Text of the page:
More often than not, attributing the phrase "grew up fast" to a kid comes with a negative connotation.


This is not the case with 2020 Booneville High School graduate Audrey Brink.


A good number of the BHS students who picked up diplomas during a drive-through ceremony last week are likely looking forward to the future with varying amounts of mystery.


The 18-year-old Brink isn’t one of them.


The night before riding through the pickup line with her mother and boyfriend, Brink, a certified nursing assistant (CNA) had worked an eight-hour shift at Greenhurst Nursing Center in Charleston.


She’s been doing that for more than a year, the past couple of months around the most vulnerable sector of the population during a pandemic.


Dr. Nate Smith of the Arkansas Department of Health said last week those over 65 account for more than 71% of the COVID-19 related deaths in the state.


"We can’t have too many people there. It’s very rare," Brink said of the current state of nursing homes. "We had a resident pass away recently and they had one family member in, and (the family member) had to be suited up outside in PPE and when they came it they had to wear a mask and they couldn’t take their mask off."


Brink is also required to wear a mask at all times while performing her job duties.


CNAs like Brink also disinfect anything a family member brings to the facility for a resident — other than for grave situations, visits are required to occur with a resident inside and visitors outside the facility.


Often the resident doesn’t understand and become emotional.


"They cry. They’re like, ‘Why can’t they come in?’" said Brink. "Why are they talking to me through the window. We have to tell them they can’t come in, we don’t want you to get sick.


"They’re like, ‘They’re not sick, they’re fine,’ and we have to explain to them why they can’t come in and we have to try to calm them down."


The workday


The hall Brink most often works — she’s been there long enough to warrant an almost permanent assignment — has 37 residents. She cares for them, deeply.


When a recent patient, who was the grandmother of a friend, was discharged she was disappointed she didn’t get to say goodbye.


"But (her friend) and his mom hugged me and said, ‘You honestly made her stay there the best,’ and they sent me a picture of her," said Brink.


On entry into a room Brink takes the resident’s vital signs to include blood pressure, temperature, and pulse oxygen, often charting the readings.


Holding the lowest ranking healthcare position, other duties will include the less glamorous routines of dressing, showering, and a full range of other hygiene assistance for the residents.


"Some people ask, ‘Do you wipe their butt?’ Yes, we wipe their butt, but we don’t just wipe their butt," said Brink. "We tuck them into bed. They’re scared. They cry because they miss their families and they get all these letters (instead of visits)."


It goes even deeper than trying to be a calming influence — Brink thinks of many of the residents as grandparents.


"I have this married couple who every time I come in they’re excited to see me. I make things for them and she knitted my last name on a doily and I have it framed and put up in my room," said Brink. "It is the best gift I have ever gotten."


She said she is so attached to the residents she will attend funerals of those who pass away.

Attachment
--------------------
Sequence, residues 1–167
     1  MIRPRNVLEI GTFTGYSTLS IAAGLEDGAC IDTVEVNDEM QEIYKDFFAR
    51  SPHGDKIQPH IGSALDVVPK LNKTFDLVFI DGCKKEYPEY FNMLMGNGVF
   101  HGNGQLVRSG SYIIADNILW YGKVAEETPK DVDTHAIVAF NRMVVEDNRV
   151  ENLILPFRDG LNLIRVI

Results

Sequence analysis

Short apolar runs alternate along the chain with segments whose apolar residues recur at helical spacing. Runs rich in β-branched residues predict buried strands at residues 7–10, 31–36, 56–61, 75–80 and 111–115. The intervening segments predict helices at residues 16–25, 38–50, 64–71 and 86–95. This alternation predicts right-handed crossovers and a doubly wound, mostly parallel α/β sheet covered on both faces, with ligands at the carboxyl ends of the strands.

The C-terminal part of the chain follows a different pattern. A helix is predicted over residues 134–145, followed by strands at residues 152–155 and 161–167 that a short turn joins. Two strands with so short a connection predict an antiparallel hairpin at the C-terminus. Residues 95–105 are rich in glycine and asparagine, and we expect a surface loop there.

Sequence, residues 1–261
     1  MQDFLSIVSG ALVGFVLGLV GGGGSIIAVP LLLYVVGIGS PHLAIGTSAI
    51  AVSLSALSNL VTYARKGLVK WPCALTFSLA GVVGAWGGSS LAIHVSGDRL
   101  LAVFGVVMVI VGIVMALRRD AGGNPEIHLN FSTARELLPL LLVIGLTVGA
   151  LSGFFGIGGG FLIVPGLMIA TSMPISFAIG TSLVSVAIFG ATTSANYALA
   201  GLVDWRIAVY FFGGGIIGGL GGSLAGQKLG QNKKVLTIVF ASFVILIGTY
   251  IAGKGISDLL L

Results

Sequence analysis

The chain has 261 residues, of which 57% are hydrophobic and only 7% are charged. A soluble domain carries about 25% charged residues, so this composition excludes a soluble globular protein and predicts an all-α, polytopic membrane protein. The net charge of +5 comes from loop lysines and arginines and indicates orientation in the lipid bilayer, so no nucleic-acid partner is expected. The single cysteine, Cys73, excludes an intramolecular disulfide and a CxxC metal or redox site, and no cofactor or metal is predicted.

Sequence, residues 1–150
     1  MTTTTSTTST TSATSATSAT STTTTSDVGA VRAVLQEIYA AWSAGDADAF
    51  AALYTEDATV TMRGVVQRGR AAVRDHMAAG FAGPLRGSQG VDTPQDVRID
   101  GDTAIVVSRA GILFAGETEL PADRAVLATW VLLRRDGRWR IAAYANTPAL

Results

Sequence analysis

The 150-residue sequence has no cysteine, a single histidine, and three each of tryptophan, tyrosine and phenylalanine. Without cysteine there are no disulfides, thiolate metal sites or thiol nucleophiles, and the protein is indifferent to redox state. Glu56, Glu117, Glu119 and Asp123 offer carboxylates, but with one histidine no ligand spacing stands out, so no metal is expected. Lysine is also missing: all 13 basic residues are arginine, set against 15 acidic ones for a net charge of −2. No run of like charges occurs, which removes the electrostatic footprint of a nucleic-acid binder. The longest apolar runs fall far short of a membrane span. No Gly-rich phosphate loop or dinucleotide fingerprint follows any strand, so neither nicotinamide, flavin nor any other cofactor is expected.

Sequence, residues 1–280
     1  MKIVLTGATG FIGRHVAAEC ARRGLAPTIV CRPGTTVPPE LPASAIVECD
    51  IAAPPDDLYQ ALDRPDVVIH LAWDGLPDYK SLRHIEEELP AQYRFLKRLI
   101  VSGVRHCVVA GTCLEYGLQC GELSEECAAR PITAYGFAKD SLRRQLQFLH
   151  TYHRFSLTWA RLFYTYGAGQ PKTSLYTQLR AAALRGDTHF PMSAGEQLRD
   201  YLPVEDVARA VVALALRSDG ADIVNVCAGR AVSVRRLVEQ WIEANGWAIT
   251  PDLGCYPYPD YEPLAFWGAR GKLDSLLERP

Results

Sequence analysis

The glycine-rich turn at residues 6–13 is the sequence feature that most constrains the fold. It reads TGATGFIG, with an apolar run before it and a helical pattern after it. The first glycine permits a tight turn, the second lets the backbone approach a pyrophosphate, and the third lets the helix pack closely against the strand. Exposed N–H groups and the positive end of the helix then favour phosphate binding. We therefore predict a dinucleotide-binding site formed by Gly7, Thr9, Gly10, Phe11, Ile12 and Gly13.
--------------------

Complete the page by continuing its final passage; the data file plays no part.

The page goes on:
Dangerous time


The work of helath care workers like Brink, as has been noted in daily updates by Gov. Asa Huthinson, is particularly dangerous during the pandemic.


Brink said there is a "locked down" portion of the facility reserved for incoming residents, or for residents who have had to be out of the facility for hospital or other needs.


While Brink doesn’t work with those residents during their 14 day quarantine, she can often be found in an adjoining area caring for other residents.


Hit the ground running


Brink was prepared for her current stressful position in a trial by fire of sorts.


She was visiting a school counselor as a sophomore when, answering a question about interests, she revealed a desire to be a nurse and to help people.


"(The counselor) told me there was a class I could take and that I could get certified as a CNA," Brink recalls. "My mom (Tasha) was a CNA. She got her certification when she was 16 and she did it for years.


"I remember running home and telling her, ’I’m going to be like you.’"


To fulfill the CNA requirements Brink first had to take a medical terminology course.


Shortly after completing certification, as a member of the school’s JAG program, Brink went to work in Charleston on a 3-11 p.m. shift, and longer when necessary.


"Sometimes I stayed to over to help the night shift when they were short," said Brink. "When I stayed over and worked 11 (p.m.) to 7 (a.m.) and I’d call (counselor) Mrs. (Ginger) Ulmer to say that I’d be late. She helped me a lot."


Often those days would be followed by returning to Charleston for another 3-11 p.m. shift.


The traditional schedule is four days on, two days off, but even it was common for Brink to work seven or more days in a row.


Brink admits those days were difficult but she thinks they were worth it.


What’s next?


Long term, the goal for Brink is a BSN, with the first step becoming an LPN — she’s already been accepted at Arkansas Tech University Ozark — then an RN.


"I didn’t want to be too far away home. I thought about going somewhere bigger — I might want to be a traveling nurse some day — but I couldn’t leave my job. I’ve gotten way too attached to the residents," said Brink. "So I settled on something close to home for now."


Brink says she thinks of Booneville of the perfect small town, but doesn’t think she wants to stay here.


"My whole family and my whole life is here but I want to do something big. I want to help people," said Brink.